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Tool no.77 - Designing Miracles

Enables metadesigners to track new possibilities


What is a Miracle?

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The Tool's Purpose

  • How can we apply serendipity within the metadesign process?
  • This tool challenges the rationalist tendency to overlook intangibles.
  • Modern cynicism has encouraged the common confusion between the ‘unthinkable’ and the ‘impossible’.
  • But if we believe the unthinkable is synonymous with the impossible, we reduce our option range.
  • This means encouraging everyone to think beyond what they believe to be possible.
  • Logically speaking - miracles are just highly improbable (i.e. possible) incidents
  • We will only create a paradigm shift if we design a belief-system that is aggressively open to opportunity
  • This has proved effective in post-graduate design education

The Tool's Context

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  • In the 21st century miracles are usually associated with an irrational belief in religious faith, or superstition
  • As such, they are regarded as ‘impossible’, or are the outcome of fraudulent illusion
  • Few therefore believe that luck can be designed (design is usually seen as a rational process of management).
  • If we believe we can manipulate 'luck' this may be dismissed as 'mere' superstition
  • Modern cynicism has encouraged the common confusion between the ‘unthinkable’ and the ‘impossible’.
  • If we tend only embark upon what we believe to be feasible, our optimism/pessimism balance is important.
  • If we believe that the unthinkable is synonymous with the impossible, we reduce the feasibilities.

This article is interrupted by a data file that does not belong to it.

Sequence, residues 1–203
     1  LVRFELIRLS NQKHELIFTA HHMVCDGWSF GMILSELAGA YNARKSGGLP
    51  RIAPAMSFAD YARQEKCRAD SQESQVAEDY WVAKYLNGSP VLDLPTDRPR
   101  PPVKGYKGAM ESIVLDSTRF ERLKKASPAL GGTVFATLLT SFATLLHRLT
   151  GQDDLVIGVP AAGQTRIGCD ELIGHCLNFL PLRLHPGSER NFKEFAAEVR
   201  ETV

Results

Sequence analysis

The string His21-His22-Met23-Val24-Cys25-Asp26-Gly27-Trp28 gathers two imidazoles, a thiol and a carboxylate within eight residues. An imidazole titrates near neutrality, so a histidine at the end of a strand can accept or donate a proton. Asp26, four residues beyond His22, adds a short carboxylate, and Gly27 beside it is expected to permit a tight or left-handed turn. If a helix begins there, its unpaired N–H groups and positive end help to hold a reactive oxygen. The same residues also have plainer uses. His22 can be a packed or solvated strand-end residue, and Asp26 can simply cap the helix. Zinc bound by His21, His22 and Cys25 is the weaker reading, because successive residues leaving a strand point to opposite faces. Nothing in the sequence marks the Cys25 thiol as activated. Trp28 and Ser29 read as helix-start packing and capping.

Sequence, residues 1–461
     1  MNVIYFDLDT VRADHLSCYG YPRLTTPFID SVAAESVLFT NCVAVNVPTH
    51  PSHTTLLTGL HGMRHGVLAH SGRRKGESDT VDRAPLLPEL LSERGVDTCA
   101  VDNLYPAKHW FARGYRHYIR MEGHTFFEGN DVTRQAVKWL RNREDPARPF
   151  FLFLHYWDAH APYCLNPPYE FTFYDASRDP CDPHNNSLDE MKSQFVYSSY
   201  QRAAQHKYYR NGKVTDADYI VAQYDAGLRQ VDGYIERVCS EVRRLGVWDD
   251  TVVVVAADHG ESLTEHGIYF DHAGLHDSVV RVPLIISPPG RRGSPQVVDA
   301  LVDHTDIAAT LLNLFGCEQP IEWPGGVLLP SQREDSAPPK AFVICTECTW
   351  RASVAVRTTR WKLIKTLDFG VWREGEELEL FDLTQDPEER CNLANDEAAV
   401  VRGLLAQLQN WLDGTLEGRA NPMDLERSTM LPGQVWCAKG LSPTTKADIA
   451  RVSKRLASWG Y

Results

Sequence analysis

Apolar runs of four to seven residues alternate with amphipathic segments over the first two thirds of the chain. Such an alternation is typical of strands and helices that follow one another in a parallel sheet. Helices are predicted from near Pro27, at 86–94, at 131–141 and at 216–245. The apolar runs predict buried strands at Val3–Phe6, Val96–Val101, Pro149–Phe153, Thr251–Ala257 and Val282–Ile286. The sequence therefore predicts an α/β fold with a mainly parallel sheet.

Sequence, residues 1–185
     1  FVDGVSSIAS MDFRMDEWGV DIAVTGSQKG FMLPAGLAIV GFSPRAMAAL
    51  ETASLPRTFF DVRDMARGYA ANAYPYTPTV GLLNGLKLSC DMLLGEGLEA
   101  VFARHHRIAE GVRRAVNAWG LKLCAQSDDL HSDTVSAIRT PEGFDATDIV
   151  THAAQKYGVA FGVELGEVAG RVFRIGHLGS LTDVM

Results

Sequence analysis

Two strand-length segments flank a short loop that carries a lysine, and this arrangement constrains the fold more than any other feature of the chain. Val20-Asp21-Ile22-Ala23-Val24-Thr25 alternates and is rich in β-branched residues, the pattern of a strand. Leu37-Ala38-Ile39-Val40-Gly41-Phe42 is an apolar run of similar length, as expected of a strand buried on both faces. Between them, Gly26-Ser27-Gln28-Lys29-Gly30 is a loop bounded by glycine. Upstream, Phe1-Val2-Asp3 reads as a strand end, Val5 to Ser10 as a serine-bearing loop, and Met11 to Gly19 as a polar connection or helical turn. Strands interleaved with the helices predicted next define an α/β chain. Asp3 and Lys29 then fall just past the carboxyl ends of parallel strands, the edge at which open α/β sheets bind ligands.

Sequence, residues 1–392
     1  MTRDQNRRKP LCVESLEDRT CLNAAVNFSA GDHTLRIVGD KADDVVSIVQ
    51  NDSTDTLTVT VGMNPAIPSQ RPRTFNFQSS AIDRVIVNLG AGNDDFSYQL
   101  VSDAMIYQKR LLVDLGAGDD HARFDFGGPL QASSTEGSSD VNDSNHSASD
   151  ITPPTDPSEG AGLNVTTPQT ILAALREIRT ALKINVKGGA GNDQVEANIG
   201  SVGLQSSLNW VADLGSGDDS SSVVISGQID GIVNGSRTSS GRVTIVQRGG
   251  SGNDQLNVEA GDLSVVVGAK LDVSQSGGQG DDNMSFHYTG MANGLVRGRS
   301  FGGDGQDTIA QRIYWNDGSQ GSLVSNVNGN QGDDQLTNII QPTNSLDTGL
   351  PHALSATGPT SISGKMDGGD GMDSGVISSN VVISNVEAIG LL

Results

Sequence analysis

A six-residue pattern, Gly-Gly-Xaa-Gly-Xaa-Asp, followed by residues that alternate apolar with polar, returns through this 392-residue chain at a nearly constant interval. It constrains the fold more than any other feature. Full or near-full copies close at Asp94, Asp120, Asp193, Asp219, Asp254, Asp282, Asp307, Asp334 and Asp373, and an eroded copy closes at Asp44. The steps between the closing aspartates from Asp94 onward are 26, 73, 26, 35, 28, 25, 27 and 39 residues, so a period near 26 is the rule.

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  • We can make miracles thinkable by regarding them as incidents of low probability
  • In other words, we simply define a miracle as an exceptional event, irrespective of its semantic significance
  • Mathematically speaking, a big enough sample size would always include 'extraordinary' parameters
  • But the Universe is BIG - actually, it's 78 billion light-years across (light travels at 186,000 miles per second)
  • Miracles can thereby be identified within a minimum inclusive set of all probabilities
  • In order to sustain auspicious conditions a probabilistic approach is inadequate
  • Orthodox mathematics represents an unsituated observer standpoint that is either prescriptive, or post-hoc
  • What is needed is a self-reflexive 'situationist' method that encourages ad hoc insights in the immediate temporal present

Tool Process

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'The Black Swan Syndrome (Taleb, 2007)

  • 1) Using the following argument - persuade yourself that miracles are not impossible
    • Once something is thinkable we can map it into a larger picture of possibilities
    • The more the 'thinkable' is declared to be feasible the more attainable it becomes
    • Once the ‘impossible’ is described clearly it becomes ‘shareable’
    • If the 'impossible' is described affirmatively, the ‘unthinkable’ becomes (more) ‘thinkable’
    • By combining several positive minds (using what we call sympoiesis (download a paper on this) we can discover new possibilities
    • In the 21st century, we often assume that miracles are ‘impossible’?
    • This may be because we are too risk-averse, or busy, to deviate from convention.
    • Also, the modern belief system became increasingly sceptical and rationalistic